Yesterday’s youth unemployment figures look shocking. There are now 1.02 million 16-24 year olds out of work, 21.9% of the economically active population. 730,000 of these are not in full-time education.
With headlines and information like this bumped out on a monthly basis, the fear felt by young people is perfectly understandable. Opponents of the Coalition government have sought to use the scrapping of Educational Maintenance Allowance and the effects of increased tuition fees, which transfer more of the cost of education to the individual or their family, as evidence that we are gearing up for a period of reduced opportunity for young people.
In fact, in order to understand the causes of youth unemployment we must make a distinction between structural and cyclical effects. Youth unemployment has been increasing in the UK since 2004, suggesting an underlying problem, but there has been a large jump in the number of workless young people since the onset of the financial crisis and subsequent recession.
The jump is not an unusual effect for a recessionary period: when the job market is more competitive, employers are likely to select candidates with strong experience over those with little. Furthermore, young people are bound – on average – to have much less experience of searching for jobs effectively and of preparing for interviews.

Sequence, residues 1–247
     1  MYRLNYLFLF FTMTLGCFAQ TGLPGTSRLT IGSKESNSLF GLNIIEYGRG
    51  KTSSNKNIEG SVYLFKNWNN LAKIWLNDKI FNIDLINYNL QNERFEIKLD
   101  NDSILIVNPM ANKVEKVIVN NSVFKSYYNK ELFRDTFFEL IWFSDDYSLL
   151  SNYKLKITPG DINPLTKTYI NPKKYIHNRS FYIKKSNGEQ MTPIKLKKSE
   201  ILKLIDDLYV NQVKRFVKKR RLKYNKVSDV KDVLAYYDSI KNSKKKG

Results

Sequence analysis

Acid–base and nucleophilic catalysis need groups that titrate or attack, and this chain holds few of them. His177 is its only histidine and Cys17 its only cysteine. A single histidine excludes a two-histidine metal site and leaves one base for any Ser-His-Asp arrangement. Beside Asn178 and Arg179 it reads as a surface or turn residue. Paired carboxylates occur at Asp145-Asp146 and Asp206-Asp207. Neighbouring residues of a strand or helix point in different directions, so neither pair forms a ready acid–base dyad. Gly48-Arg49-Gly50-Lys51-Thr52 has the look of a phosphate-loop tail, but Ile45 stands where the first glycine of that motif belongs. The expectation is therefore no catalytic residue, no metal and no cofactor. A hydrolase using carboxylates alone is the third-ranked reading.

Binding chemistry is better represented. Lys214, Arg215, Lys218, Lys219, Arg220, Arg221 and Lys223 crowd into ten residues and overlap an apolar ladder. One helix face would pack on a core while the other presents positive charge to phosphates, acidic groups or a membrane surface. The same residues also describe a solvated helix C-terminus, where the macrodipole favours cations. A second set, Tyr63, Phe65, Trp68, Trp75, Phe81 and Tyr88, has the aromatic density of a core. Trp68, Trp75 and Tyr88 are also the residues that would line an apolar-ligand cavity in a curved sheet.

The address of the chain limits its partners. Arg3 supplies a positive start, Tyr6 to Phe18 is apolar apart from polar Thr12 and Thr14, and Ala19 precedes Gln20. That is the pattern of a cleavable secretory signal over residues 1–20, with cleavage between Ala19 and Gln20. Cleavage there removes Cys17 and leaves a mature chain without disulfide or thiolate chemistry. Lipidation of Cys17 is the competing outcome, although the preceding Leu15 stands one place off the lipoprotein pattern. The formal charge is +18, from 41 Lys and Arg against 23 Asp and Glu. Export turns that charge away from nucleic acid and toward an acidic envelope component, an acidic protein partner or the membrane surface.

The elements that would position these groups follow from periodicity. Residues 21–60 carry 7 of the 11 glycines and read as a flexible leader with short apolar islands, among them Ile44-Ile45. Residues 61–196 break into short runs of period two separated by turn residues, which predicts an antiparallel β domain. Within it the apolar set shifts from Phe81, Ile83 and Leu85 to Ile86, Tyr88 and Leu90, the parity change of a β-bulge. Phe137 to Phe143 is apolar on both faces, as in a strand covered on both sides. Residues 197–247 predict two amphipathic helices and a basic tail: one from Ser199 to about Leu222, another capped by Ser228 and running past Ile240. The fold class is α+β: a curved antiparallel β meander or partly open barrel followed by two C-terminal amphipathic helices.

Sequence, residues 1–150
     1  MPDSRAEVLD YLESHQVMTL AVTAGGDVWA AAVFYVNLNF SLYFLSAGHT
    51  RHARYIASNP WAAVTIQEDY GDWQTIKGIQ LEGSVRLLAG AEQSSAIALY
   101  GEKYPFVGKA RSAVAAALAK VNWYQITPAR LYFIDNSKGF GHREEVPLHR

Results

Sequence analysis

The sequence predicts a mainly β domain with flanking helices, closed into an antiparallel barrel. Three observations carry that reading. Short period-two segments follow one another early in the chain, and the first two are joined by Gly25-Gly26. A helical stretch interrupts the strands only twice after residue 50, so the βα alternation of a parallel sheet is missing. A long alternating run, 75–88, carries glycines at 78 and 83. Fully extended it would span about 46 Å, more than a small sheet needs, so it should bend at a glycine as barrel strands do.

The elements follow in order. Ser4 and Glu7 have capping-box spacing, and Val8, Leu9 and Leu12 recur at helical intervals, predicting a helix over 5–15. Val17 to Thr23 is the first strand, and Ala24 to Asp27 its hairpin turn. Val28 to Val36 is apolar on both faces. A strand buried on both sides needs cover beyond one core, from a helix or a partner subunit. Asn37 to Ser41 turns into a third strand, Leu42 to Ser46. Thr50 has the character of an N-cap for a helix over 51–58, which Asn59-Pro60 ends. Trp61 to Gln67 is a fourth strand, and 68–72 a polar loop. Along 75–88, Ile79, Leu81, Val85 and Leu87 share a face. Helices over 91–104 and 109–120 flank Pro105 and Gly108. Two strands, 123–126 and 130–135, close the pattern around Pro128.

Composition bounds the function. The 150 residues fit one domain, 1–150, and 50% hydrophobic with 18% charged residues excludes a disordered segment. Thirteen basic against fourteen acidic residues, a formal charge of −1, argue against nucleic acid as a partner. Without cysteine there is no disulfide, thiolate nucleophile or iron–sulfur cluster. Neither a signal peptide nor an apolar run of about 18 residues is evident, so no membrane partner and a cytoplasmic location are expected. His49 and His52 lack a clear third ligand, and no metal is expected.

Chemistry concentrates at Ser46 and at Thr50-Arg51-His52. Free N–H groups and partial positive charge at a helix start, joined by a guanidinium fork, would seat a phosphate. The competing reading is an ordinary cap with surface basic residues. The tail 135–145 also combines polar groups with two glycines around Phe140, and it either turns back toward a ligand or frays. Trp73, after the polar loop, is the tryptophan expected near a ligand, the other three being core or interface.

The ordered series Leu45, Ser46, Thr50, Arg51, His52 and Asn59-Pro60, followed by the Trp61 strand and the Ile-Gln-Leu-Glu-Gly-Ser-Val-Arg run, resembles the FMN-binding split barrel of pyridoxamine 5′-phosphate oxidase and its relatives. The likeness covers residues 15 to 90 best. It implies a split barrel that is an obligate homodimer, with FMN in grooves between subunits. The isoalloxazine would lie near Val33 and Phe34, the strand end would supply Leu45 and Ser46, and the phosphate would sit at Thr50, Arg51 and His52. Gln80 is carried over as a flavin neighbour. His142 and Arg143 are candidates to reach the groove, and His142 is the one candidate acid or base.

But youth unemployment also tends to be higher than aggregate unemployment even outside of recessions. Young people tend to be unsure about what they want to do and so suffer much more from short-term ‘frictional’ unemployment associated with job change. They also tend to be less mobile, due to a lack of resources which deters them from moving to match themselves with jobs in the first place.
The cyclical component of the current high youth unemployment rate will therefore tend to lag behind general employment growth. We would expect the rate of youth unemployment only to begin to fall when the economy starts growing significantly. The key danger at the moment is that sluggish growth over a good number of years might lead to a significant number of young people who have never experienced work, leading to a so-called ‘lost generation’.
It is therefore crucial that the Government seeks to adopt strong pro-growth policies wherever possible. But more than that, the Government must examine the structural factors behind youth unemployment, because there is much qualitative evidence to suggest that conditions for young people are worse now than they have been in previous recessions: there are far more labour market regulations than existed previously, alongside evidence to suggest that basic skills deficiencies have been exacerbated. As mentioned above, youth unemployment was increasing even in the ‘good years.’
A package for dealing with youth unemployment therefore requires both ordinary pro-growth policies alongside policies to overturn current barriers to youth employment in the jobs market and policies to improve job search and job match.